Australia June 23, 1961
Austria August 25, 1987
Belarusmarker December 27, 2006
Belgium July 26, 1960
Brazilmarker September 12, 1983 May 16, 1975
Bulgariamarker May 25, 1998 September 11, 1978
Canada May 4, 1988
Chilemarker * June 23, 1961
China October 7, 1985 June 8, 1983
Colombiamarker January 31, 1989
Cubamarker August 16, 1984
Czech Republic (as Czechoslovakiamarker) June 14, 1962
Denmark May 20, 1965
Ecuadormarker November 19, 1990 September 15, 1987
Estoniamarker May 17, 2001
Finland October 9, 1989 May 15, 1984
France marker September 16, 1960
East Germanymarker
March 3, 1981
October 5, 1987
February 5, 1979
November 19, 1974
Greece January 8, 1987
Guatemalamarker July 31, 1991
Hungary January 27, 1984
India September 12, 1983 August 19, 1983
Italy October 5, 1987 March 18, 1981
Japan August 4, 1960
Monacomarker May 30, 2008
Netherlands November 19, 1990 March 30, 1967
New Zealand November 1, 1960
North Koreamarker January 21, 1987
Norway August 24, 1960
Papua New Guineamarker March 16, 1981
Perumarker October 9, 1989 April 10, 1981
Poland July 29, 1977 June 8, 1961
Romaniamarker September 15, 1971
Russia (as Soviet Unionmarker)** November 2, 1960
Slovakiamarker (as Czechoslovakiamarker) June 14, 1962
South Africa June 21, 1960
South Korea October 9, 1989 November 28, 1986
Spain September 21, 1988 March 31, 1982
Sweden September 21, 1988 March 24, 1984
Switzerland November 15, 1990
Turkeymarker January 25, 1996
Ukrainemarker May 27, 2004 October 28, 1992
United Kingdom * May 31, 1960
United States** August 18, 1960
Uruguaymarker October 7, 1985 January 11, 1980
Venezuelamarker May 24, 1999

* Claims overlap.
** Reserved the right to claim areas.

, there are 46 treaty member nations: 28 consultative and 18 acceding. Consultative (voting) members include the seven nations that claim portions of Antarctica as national territory. The 21 non-claimant nations either do not recognize the claims of others, or have not stated their positions.

Antarctic Treaty Secretariat

The Antarctic Treaty Secretariat was established in Buenos Aires, Argentina in September 2004 by the Antarctic Treaty Consultative Meeting (ATCM). Mr. Jan Huber (from the Netherlands) served as the first Executive Secretary for 5 years until August 31, 2009. He was succeeded on September 1, 2009 by Mr. Manfred Reinke (Germany), appointed for a 4 year term.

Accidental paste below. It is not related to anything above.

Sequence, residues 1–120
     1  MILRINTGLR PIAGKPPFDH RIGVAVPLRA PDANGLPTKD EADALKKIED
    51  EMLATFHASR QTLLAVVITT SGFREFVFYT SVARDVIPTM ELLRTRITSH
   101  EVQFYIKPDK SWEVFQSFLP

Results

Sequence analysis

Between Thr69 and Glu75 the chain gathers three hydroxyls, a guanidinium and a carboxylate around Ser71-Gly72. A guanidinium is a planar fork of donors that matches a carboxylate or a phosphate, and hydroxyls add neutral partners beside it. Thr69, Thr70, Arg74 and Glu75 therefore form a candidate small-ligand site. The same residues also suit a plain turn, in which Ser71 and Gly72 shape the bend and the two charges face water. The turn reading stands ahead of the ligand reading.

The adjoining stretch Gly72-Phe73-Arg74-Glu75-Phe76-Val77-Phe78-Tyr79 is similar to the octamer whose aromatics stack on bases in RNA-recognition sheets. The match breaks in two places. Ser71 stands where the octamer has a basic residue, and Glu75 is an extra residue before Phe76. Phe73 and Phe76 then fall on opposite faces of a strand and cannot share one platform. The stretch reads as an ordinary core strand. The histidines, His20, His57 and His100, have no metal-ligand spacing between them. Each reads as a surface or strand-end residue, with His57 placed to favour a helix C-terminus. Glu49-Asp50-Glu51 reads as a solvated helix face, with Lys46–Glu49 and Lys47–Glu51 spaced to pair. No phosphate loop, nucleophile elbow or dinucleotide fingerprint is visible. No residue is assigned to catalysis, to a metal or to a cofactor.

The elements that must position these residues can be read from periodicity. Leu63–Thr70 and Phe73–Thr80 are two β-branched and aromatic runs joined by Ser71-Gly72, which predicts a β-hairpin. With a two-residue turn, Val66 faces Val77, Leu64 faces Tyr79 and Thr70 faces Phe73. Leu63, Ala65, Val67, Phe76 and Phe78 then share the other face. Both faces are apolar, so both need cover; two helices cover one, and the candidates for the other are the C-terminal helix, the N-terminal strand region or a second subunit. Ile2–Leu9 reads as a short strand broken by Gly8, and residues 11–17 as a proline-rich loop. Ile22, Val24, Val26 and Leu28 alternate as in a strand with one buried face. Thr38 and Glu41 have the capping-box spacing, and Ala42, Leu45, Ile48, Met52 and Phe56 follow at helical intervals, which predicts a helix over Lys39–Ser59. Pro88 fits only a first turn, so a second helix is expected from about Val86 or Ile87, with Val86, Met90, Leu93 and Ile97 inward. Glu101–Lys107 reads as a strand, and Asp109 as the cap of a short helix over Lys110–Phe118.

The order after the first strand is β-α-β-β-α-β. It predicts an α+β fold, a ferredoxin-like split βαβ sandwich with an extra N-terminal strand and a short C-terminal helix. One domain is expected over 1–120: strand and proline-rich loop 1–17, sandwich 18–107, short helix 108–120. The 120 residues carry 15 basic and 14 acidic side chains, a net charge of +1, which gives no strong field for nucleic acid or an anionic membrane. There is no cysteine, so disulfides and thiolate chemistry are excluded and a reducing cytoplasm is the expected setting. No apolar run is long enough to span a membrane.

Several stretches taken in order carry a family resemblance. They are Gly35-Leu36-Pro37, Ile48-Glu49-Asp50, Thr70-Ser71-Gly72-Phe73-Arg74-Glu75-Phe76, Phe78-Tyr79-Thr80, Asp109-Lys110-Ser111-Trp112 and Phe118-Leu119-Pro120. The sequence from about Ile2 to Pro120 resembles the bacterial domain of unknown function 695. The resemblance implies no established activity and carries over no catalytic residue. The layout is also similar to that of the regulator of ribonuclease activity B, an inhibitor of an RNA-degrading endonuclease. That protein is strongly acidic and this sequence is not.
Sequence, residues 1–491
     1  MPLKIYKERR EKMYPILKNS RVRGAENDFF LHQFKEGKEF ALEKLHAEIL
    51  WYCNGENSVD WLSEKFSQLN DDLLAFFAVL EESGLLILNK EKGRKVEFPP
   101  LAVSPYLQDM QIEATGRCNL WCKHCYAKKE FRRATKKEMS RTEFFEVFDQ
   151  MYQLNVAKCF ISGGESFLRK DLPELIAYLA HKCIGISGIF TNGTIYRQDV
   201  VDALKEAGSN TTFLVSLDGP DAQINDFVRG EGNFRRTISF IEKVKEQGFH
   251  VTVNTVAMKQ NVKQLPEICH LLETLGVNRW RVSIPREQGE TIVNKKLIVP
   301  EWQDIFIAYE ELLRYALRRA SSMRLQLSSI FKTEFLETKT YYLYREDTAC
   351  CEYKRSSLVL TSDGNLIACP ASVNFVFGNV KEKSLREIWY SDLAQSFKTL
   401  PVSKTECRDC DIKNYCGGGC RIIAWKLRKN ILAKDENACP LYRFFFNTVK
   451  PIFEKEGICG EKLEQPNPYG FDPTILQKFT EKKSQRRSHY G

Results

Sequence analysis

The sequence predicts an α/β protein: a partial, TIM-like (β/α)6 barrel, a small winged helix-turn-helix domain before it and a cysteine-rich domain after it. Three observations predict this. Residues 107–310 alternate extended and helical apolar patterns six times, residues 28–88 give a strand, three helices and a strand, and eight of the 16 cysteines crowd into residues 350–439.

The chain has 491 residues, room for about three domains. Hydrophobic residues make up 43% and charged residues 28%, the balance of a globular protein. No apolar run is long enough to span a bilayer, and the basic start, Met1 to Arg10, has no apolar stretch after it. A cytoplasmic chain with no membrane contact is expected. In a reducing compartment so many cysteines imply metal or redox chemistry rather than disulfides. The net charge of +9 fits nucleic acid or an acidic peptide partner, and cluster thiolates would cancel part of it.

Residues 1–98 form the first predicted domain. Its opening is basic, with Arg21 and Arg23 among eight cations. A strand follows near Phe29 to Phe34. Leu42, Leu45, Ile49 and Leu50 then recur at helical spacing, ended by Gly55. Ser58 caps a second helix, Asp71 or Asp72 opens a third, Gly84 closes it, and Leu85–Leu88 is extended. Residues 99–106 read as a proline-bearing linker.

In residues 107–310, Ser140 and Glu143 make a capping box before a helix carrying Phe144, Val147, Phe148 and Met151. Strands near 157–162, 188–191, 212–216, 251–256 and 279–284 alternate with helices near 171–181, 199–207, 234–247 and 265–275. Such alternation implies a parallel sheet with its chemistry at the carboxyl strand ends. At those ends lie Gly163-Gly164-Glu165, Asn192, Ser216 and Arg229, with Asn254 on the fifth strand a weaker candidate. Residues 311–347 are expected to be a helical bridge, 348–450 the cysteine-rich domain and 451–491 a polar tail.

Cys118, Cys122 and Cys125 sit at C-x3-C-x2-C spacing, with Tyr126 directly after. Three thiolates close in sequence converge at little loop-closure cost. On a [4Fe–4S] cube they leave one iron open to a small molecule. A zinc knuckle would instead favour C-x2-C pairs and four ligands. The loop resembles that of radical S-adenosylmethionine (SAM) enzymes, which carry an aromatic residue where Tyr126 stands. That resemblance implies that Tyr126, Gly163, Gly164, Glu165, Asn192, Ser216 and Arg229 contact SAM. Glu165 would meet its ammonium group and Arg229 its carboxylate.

The tasks of the Antarctic Treaty Secretariat can be divided into the following areas:
  • Supporting the annual Antarctic Treaty Consultative Meeting (ATCM) and the meeting of the Committee for Environmental Protection (CEP).
  • Facilitating the exchange of information between the Parties required in the Treaty and the Environment Protocol.
  • Collecting, storing, arranging and publishing the documents of the ATCM.
  • Providing and disseminating public information about the Antarctic Treaty system and Antarctic activities.

There are 46 countries that own bases in Antarctica.

Legal system

Antarctica has no "permanent population" and hence no citizenship or government. All personnel present on Antarctica at any time are citizens or nationals of some sovereignty outside of Antarctica, as there is no Antarctic sovereignty. The majority of Antarctica is claimed by one or more countries, but most countries do not explicitly recognize those claims. The area on the mainland between 90 degrees west and 150 degrees west, combined with the interior of the Norwegian Sector , is the only major land on Earth not claimed by any country.

Governments that are party to the Antarctic Treaty and its Protocol on Environmental Protection implement the articles of these agreements, and decisions taken under them, through national laws. These laws generally apply only to their own citizens, wherever they are in Antarctica, and serve to enforce the consensus decisions of the consultative parties: about which activities are acceptable, which areas require permits to enter, what processes of environmental impact assessment must precede activities, and so on. The Antarctic Treaty is often considered to represent an example of the Common heritage of mankind principle.


According to Argentine regulations, any crime committed within 50 kilometers of any Argentine base is to be judged in Ushuaiamarker (as capital of Tierra del Fuego, Antarctica, and South Atlantic Islandsmarker). In the part of Argentine Antarctica that is also claimed by Chile, the person to be judged can ask to be transferred there.